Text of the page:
Wetsuits are necessary for the cold winter months or year long in the northern regions of California and the U.S. Every surfer owns at least one so don't you think they should be sustainable? Well, they are not. This Vissla wetsuit and wetsuits in general are based on extractive practices such as pumping petroleum or mining limestone to make neoprene. Companies are claiming that making neoprene out of limestone is more sustainable but the evidence really isn't there. What I would like to see is companies looking toward sustainably harvested rubber for an alternative material. Companies like Patagonia have already begun the transition and I hope the big surf brands, such as Vissla, follow.
Wetsuits traditionally have been made out of polychloroprene rubber chips commonly called neoprene. These chips have traditionally been made from material derived from petroleum. Recently in the name of sustainability, many wetsuit manufacturers have begun producing these polychloroprene chips using limestone. Because this process is relatively new, the environmental impacts of Geoprene (limestone based neoprene) have not been fully compared to conventional neoprene. Reducing dependence on oil in any way is always a win but with limestone also being a nonrenewable resource, many questions about the sustainability of this material are still being questioned. Another main ingredient in the wetsuit that is used to strengthen and increase the volume of the neoprene is carbon black. Vissla sources their carbon black from scrap rubber tires and claims this “significantly reduces energy consumption and cuts CO2 emissions by 200g a wetsuit.” For context, an average car releases around 200g of CO2 driving only a half mile. Although using recycled materials is a commendable action, highlighting an extremely small decrease in emissions as a main point on the sustainability section of the website seems very greenwashing-esque.
As I mentioned in the section before, the neoprene that Vissla uses in their wetsuits is made out of polychloroprene synthesized from limestone. The process begins with the raw limestone mined in Japan. The limestone (CaCO3) is placed in a furnace with temperatures ranging from 900C to 1000C to produce lime (CaO). The lime is reacted with carbon in another furnace at 2000C to produce Acetylene (CaC2). Heating these furnaces to such high temperatures uses enormous amounts of fuel and can include a large carbon footprint. The Acetylene is then reacted with chlorine and water to produce polychloroprene and from there, neoprene. The neoprene is produced in sheets and cut into 2 and 3 millimeter thick sheets to produce the body and arms/legs of the wetsuit. Any scraps from this process are recycled and used in the production of a different sheet of neoprene. Water based adhesives are used to connect the pieces along with stitching and lining made from polyester recycled from plastic bottles. These wetsuits are produced in a factory in Taiwan that is equipped with rooftop solar.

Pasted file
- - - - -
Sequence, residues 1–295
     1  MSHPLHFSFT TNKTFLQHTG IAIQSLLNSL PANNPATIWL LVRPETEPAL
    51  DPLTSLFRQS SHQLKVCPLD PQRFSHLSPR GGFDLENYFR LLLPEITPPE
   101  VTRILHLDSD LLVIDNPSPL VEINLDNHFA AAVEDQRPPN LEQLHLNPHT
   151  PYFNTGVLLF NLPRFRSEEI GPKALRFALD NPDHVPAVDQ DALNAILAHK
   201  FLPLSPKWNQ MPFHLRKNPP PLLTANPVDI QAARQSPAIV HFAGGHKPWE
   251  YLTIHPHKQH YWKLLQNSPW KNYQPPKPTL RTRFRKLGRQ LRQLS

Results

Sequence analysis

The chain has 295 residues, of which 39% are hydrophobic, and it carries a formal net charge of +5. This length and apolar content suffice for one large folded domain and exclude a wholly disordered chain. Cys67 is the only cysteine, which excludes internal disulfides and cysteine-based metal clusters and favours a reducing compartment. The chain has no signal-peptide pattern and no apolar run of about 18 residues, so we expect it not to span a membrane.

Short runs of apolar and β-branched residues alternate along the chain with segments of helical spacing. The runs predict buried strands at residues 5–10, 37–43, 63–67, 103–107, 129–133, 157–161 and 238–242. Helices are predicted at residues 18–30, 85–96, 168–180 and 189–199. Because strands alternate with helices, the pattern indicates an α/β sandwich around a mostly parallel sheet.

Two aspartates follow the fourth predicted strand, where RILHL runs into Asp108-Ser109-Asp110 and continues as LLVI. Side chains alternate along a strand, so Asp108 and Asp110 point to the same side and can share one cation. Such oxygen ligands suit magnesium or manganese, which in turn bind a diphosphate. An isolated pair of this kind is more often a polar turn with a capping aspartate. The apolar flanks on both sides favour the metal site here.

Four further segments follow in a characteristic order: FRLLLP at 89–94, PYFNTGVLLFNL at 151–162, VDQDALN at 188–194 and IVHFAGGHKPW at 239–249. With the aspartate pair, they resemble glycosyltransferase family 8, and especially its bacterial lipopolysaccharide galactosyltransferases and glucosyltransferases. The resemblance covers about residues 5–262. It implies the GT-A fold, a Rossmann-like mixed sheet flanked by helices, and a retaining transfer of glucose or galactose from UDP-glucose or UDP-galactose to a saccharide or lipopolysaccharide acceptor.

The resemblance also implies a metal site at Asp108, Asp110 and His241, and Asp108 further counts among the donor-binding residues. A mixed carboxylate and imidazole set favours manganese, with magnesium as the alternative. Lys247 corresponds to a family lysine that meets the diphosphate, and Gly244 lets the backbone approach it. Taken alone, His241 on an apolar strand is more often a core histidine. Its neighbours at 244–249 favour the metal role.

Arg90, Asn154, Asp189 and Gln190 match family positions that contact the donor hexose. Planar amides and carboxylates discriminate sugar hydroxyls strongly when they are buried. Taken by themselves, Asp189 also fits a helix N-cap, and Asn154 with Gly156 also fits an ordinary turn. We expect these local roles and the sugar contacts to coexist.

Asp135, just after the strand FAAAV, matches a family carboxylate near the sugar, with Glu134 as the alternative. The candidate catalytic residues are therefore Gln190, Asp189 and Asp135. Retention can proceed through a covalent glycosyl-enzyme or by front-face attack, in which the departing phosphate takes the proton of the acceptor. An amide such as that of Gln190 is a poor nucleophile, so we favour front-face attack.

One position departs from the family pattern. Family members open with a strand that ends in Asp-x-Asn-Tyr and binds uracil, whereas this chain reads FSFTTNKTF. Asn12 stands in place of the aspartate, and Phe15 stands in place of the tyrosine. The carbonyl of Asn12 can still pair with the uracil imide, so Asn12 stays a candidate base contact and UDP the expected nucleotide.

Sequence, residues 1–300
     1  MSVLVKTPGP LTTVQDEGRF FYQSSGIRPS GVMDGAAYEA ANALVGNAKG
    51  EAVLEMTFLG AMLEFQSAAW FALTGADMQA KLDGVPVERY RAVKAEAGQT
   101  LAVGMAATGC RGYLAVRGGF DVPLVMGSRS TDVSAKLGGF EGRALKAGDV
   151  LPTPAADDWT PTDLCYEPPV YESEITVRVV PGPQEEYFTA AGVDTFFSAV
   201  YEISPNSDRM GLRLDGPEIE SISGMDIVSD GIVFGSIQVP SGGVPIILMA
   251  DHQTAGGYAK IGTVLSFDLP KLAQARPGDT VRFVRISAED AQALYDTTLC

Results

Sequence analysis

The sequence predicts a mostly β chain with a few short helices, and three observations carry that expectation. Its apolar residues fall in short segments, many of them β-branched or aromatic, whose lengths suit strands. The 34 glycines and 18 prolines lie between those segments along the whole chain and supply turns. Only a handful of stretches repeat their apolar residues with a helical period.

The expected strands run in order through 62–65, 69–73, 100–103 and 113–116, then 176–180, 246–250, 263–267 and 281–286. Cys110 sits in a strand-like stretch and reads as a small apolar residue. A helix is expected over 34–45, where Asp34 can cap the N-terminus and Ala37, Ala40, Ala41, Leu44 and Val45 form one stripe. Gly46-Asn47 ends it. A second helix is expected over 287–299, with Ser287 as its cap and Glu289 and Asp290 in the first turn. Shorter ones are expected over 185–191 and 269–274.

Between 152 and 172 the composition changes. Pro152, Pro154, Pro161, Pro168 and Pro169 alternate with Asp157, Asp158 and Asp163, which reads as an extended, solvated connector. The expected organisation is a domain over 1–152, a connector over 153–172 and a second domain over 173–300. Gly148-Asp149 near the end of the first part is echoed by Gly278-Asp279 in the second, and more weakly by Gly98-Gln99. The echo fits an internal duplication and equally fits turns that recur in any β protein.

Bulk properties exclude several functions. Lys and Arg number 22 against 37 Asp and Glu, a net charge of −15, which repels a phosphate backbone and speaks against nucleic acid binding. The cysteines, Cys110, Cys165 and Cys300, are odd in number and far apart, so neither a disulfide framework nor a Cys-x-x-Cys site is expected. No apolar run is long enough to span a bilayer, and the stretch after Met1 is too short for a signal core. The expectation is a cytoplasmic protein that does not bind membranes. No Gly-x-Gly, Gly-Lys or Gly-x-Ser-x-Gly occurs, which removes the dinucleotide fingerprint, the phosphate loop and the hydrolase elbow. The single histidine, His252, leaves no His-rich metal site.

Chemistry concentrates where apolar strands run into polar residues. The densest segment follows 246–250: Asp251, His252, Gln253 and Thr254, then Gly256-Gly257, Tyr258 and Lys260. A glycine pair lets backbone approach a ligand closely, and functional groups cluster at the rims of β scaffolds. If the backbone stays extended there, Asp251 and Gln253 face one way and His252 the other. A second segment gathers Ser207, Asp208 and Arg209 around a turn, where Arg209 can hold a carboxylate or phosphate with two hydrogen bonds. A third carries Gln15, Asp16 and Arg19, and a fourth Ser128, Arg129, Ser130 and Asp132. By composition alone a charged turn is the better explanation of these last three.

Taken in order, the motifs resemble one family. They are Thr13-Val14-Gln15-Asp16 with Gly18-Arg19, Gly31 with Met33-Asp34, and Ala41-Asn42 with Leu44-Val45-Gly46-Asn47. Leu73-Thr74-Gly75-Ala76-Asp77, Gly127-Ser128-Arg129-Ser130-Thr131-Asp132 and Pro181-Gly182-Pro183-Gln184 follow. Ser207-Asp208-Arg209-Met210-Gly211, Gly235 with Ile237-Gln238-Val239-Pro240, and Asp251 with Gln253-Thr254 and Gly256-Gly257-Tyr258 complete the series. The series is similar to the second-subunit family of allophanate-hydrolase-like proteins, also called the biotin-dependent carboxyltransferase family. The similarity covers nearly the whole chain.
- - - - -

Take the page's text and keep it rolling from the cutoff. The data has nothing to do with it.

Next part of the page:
The 7 Seas wetsuit is sold by Vissla but it is actually produced by a company called Sheico. This company supplies wetsuits for the majority of large wetsuit retailers such as Quicksilver, Billabong, Patagonia, and many other large brands. Producing around 60% of the market share of wetsuits, Sheico has produced upwards of four and a half million wetsuits in the last three decades. Sheico has been actively researching and implementing greener wetsuit technology and as a company, are bluesign certified. This certification means that Sheico textiles are produced in a safe working environment and that the company is actively taking steps to become more sustainable. They have also received Worldwide Responsible Accredited Production Certification that is based on 12 principles including environmentalism, collective bargaining rights, and prohibition of discrimination to name a few. Sheico also has a foundation that has donated over a million USD to underprivileged to the community. One interesting thing that I found out about this foundation was that it was created by a 30 million dollar donation from Pi-Goong Shiue the chairman of Sheico. To me this speaks well toward the character and culture of this company. As for Vissla, the company that actually sells this wetsuit, they seem to be doing a fair amount in the realm of environmental activism, working with the Surfrider Foundation and Surfers Against Sewage to raise awareness about beach pollution and participate in cleanups. Out of their 7 sustainability initiatives, 2 of the links do not work which I found very troublesome.